In addition to the reliability and validity, differences in sex, ethnicity (Caucasian or not), one- or two-parent family, and treatment regimen were tested using ANOVA. Correlations between the WHO-5, age, A1C, BMI, and diabetes duration were explored using Pearson correlation coefficients. SPSS (version 14.0) was used to perform analyses; P < 0.05 was considered a significant difference.

Forty-seven boys and 44 girls with a mean ± SD age of 14.9 ± 1.1 years (range 13–16.5 years) were included. Diabetes duration was 6.4 ± 4.2 years, and A1C level was 8.8 ± 1.7% (6.2–15.0%). Of the adolescents, 19% lived in a single-parent family and 11% were from an ethnic minority. The score on the WHO-5 was 63.38 ± 18.9 (4.0–96.0).

The Flesch Reading Ease score of 90.0 indicated good readability. The CFA confirmed the one-factor structure of the WHO-5 with no significant proportion of unexplained variance [χ2 = 6.75(5), P = 0.24], an RMSEA of 0.062, and a CFI of 0.99. Cronbach's α was 0.82, and item-total correlations ranged from 0.50 to 0.72. Interitem correlations ranged from 0.33 to 0.74. The subsequent principal component analysis also suggested a unidimensional structure of the WHO-5 because the first eigenvalue was 3.1, whereas the other eigenvalues were <1.0. The explained variance was 62.5%, and the factor loading for the items ranged from 0.67 to 0.86.

As expected, higher WHO-5 scores were strongly associated with lower total CES-D and higher mental health subscale scores (r = −0.67 and 0.60, P < 0.001). More diabetes-specific family conflicts and lower self-esteem were moderately associated with lower WHO-5 scores (r = −0.34 and 0.43, respectively; P < 0.001). The positive subscale of the CES-D and the WHO-5 correlated moderately (r = 0.45, P < 0.001). WHO-5 scores were not significantly associated with the clinical variables A1C (r = −0.16, P = 0.14), diabetes duration, treatment regimen, or BMI (data not shown). WHO-5 scores did not differ for sex, age, ethnicity, or family structure.

Analyses of the ROC curves confirmed the cutoff of <50 to be optimal for detecting a mild to severe depressive affect (CES-D score ≥16) (Fig. 1). With a significant area under the curve of 0.95 (95% CI 0.91–0.99), the sensitivity was 89% with a specificity of 87%. This cutoff score identified all adolescents with CES-D ≥24, indicative of a severe depressive affect. For identification of those adolescents with an indication of a moderate to severe depressive affect, a cutoff score of 28 appeared appropriate (Table 1).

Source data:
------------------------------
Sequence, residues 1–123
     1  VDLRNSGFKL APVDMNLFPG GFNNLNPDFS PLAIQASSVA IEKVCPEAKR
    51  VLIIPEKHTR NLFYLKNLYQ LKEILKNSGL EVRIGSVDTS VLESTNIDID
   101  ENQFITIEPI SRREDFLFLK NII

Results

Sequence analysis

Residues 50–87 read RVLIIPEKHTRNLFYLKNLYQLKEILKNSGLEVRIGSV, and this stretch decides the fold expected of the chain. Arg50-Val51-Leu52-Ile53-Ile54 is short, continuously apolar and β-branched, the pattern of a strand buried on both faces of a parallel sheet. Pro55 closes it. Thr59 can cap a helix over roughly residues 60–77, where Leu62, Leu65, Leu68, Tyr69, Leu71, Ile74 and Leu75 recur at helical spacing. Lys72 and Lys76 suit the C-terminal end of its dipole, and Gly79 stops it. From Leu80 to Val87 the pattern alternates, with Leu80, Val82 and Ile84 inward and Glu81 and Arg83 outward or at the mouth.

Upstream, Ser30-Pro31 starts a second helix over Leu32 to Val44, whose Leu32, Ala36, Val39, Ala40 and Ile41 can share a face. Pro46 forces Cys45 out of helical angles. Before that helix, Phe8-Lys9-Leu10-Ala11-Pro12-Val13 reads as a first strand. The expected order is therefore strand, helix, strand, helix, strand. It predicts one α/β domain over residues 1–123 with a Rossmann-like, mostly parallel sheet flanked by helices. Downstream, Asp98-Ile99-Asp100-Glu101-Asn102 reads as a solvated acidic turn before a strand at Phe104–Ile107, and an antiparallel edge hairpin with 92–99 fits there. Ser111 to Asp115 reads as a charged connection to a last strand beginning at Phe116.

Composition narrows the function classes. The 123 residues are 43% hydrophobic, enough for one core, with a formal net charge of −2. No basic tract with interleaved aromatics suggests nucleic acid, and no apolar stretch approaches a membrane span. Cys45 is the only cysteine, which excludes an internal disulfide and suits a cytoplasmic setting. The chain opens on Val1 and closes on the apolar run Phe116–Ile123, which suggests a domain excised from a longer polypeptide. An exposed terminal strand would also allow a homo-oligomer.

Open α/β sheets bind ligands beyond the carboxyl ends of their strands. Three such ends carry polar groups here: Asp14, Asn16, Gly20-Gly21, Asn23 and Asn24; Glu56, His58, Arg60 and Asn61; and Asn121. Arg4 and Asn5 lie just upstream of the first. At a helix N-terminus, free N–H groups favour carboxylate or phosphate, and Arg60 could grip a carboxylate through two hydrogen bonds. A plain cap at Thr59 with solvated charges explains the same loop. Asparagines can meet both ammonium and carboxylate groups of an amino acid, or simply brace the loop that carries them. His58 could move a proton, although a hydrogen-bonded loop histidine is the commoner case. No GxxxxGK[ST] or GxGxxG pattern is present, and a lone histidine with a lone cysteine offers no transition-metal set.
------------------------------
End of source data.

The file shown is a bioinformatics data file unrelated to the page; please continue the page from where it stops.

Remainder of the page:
This is the first study to examine the psychometric properties of the WHO-5 in adolescents with type 1 diabetes. Our findings suggest good reliability and validity for the WHO-5, particularly given its brevity. All items were completed, and readability scores were sufficient. It would therefore seem safe to conclude that the WHO-5 is a suitable instrument to use in adolescents.

The unidimensional structure of the questionnaire was confirmed in exploratory factor analysis and CFA in our adolescent population. Further research is needed to examine the stability (test-retest) and responsiveness of the WHO-5 in adolescents. Concurrent validity was confirmed by the moderate to strong correlations with other relevant questionnaires. It would appear that the difference in time frames among the WHO-5 (past 2 weeks), the CES-D (past week), and the CHQ-CF87 (past 4 weeks) has not decreased the strength of the associations.

The WHO-5 measures (the absence of) positive affect rather than the presence of negative emotions. The strong correlation between the WHO-5 and the negatively worded items of the CES-D seems to favor the conceptualization of well-being as a continuum, with well-being and depressive affect as extremes rather than orthogonal dimensions (24). The WHO-5 was only moderately associated with the positively worded items of the CES-D. This lack of association could be due to the differences in Likert scales and item content. The WHO-5 is more focused on vigor and activity, whereas the positive subscale of the CES-D taps into feelings of self-worth and pleasure.

In our sample, those adolescents reporting low positive affect reported more negative affect on the CES-D and vice versa, confirming high sensitivity for detection of depressive affect by the WHO-5 in our sample. Although the presence of positive affect seems not to be associated with better glycemic control, more negative affect did show a moderately strong association with higher A1C levels in concert with research findings in adults (25).